Eric Freeman

Terrence Williams probably isn't struggling because of his house

Eric Freeman
Ball Don't Lie

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NBA players are usually young, well-paid, and from disadvantaged backgrounds. More times than not, that means they like to splurge on cars and other toys when they get their first contracts. It's only natural: When you get money for the first time, you don't just want to let it sit around.

Someone might want to tell Harvey Araton of The New York Times that this is a common occurrence. Because according to him, Terrence Williams(notes) has faltered with the Nets because he spends too much money off the court:

Williams had a difficult childhood. His parents were jailed. His father was murdered. Home life in Seattle was transient and crowded. When he finally had money, he rented a 3,575-square-foot town house on the Hudson for $7,000 a month that Vince Carter, a high-end earner, was going to buy before he was traded to Orlando.

Maybe a couple of weeks in Springfield will teach Williams that a wise young player knows his place and role.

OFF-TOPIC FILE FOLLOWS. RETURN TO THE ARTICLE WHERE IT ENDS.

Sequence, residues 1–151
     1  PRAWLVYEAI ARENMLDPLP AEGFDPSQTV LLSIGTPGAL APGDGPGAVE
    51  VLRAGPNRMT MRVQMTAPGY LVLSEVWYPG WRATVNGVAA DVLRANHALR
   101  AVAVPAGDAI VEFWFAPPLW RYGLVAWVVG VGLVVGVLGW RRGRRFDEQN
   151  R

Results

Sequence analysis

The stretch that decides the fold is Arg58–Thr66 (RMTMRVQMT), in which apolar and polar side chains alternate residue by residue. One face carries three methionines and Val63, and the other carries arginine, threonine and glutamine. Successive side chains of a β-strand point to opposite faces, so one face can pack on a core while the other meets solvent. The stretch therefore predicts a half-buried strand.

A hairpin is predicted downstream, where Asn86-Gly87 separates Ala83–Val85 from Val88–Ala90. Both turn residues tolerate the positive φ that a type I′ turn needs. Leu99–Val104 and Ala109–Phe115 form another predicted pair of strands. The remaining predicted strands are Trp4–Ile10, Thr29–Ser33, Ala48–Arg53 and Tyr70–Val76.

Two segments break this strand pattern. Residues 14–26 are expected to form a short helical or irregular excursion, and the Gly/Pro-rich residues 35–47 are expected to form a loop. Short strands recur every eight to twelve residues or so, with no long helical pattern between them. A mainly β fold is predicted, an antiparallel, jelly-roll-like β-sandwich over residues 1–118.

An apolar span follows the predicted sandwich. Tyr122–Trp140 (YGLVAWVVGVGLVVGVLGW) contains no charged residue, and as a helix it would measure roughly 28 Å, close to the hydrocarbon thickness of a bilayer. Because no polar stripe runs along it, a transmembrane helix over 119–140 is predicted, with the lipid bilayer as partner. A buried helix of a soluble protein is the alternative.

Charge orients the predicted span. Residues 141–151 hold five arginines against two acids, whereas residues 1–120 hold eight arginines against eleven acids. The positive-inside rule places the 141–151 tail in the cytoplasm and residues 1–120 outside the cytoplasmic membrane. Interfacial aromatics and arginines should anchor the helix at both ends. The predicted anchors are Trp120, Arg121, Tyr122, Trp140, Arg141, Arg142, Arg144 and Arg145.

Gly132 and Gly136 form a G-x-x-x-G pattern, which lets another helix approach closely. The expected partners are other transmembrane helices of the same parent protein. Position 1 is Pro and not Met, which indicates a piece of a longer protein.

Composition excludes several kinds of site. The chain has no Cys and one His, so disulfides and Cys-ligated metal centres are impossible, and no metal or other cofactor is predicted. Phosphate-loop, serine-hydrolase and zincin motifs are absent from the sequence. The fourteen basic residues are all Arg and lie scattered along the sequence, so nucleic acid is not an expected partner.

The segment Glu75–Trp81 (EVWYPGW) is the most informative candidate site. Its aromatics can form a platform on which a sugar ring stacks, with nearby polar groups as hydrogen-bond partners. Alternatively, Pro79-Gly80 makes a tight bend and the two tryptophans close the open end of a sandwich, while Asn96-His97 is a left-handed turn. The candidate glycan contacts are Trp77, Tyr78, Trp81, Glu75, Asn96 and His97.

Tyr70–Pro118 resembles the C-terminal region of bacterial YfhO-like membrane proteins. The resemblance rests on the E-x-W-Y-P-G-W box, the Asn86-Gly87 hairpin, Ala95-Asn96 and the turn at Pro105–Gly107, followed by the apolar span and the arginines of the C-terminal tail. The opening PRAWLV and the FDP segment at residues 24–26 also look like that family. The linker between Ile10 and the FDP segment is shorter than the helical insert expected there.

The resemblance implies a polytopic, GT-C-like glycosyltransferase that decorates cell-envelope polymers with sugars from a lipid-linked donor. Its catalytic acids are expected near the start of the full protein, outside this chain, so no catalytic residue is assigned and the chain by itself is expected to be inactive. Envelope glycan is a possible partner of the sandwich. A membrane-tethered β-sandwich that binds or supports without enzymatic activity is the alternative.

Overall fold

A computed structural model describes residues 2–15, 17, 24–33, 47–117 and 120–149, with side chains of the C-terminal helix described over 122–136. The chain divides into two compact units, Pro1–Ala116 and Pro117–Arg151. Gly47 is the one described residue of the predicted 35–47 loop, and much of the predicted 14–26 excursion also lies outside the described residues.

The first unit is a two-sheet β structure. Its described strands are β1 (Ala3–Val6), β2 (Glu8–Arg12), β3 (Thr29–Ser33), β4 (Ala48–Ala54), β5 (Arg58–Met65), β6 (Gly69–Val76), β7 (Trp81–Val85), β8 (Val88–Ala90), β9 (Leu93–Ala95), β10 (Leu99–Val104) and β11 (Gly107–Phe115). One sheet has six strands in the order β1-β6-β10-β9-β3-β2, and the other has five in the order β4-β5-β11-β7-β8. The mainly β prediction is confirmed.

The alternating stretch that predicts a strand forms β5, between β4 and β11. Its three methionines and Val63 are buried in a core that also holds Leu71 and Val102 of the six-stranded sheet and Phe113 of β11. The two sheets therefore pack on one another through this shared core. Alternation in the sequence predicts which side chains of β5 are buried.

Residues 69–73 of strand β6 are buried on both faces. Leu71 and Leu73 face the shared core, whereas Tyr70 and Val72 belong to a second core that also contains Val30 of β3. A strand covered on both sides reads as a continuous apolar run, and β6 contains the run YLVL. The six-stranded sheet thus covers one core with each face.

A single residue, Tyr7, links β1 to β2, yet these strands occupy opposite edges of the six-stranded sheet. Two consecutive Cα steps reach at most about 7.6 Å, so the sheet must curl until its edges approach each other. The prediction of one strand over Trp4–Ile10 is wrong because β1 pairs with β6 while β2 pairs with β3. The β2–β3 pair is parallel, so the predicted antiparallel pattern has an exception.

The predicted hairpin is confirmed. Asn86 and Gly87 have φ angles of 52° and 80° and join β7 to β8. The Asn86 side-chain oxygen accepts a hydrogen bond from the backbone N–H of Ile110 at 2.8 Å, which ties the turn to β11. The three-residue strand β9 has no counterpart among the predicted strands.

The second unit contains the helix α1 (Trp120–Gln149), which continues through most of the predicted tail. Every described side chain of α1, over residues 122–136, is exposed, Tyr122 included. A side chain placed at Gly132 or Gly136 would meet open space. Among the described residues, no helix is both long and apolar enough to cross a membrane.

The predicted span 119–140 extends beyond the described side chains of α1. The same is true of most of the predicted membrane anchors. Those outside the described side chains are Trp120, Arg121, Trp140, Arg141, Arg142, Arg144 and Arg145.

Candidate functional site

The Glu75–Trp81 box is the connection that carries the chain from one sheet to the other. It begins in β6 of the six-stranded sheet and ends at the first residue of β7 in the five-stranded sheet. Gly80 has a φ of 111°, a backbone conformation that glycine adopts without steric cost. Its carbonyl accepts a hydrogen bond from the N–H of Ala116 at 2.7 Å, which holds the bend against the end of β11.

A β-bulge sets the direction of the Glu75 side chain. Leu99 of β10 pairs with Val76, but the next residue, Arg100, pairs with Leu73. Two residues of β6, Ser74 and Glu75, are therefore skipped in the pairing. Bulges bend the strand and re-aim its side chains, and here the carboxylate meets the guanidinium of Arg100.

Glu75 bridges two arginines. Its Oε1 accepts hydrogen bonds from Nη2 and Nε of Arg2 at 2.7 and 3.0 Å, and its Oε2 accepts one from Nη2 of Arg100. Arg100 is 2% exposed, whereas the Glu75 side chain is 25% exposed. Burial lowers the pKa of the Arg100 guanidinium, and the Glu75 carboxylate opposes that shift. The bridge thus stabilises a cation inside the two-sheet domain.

In case you're bad with numbers, the cost of that town house comes out to $84,000 per year, or roughly four percent of the $2.37 million Williams will make this season. Furthermore, the Carter comparison is silly — as any American knows, the difference between renting and buying a property can be huge. In this case, it's not as if Williams blew his entire contract on an unneeded luxury. I'm sure it's a very nice place, but it's still a house, not an amphibious sports car that shoots lasers out of its headlights.

As my compatriot Mr. Dwyer noted last weekend, Williams was recently demoted to the D-League because he's often late to team functions and just hasn't been very successful on the court this season. Perhaps he feels entitled to more playing time than he's received, but that doesn't mean that he's having trouble because he's resting on his newly humongous bank account.

Williams is 23 years old and has money for the first time in his life. Like most young NBA players, he's earned the right to live in a comfortable home. If he's playing poorly, then the problem likely does not rest in the square footage of his town house.

It's entirely possible that T-Will needs to find a solid role on the Nets as a statsheet-stuffing forward rather than a scorer. But lots of rookies rent — or even buy — nice houses and do just fine for themselves. Williams doesn't need to prove himself in order to get himself a good place to live. He already earned that privilege by working his way out of poverty and being selected in the first round of the draft.

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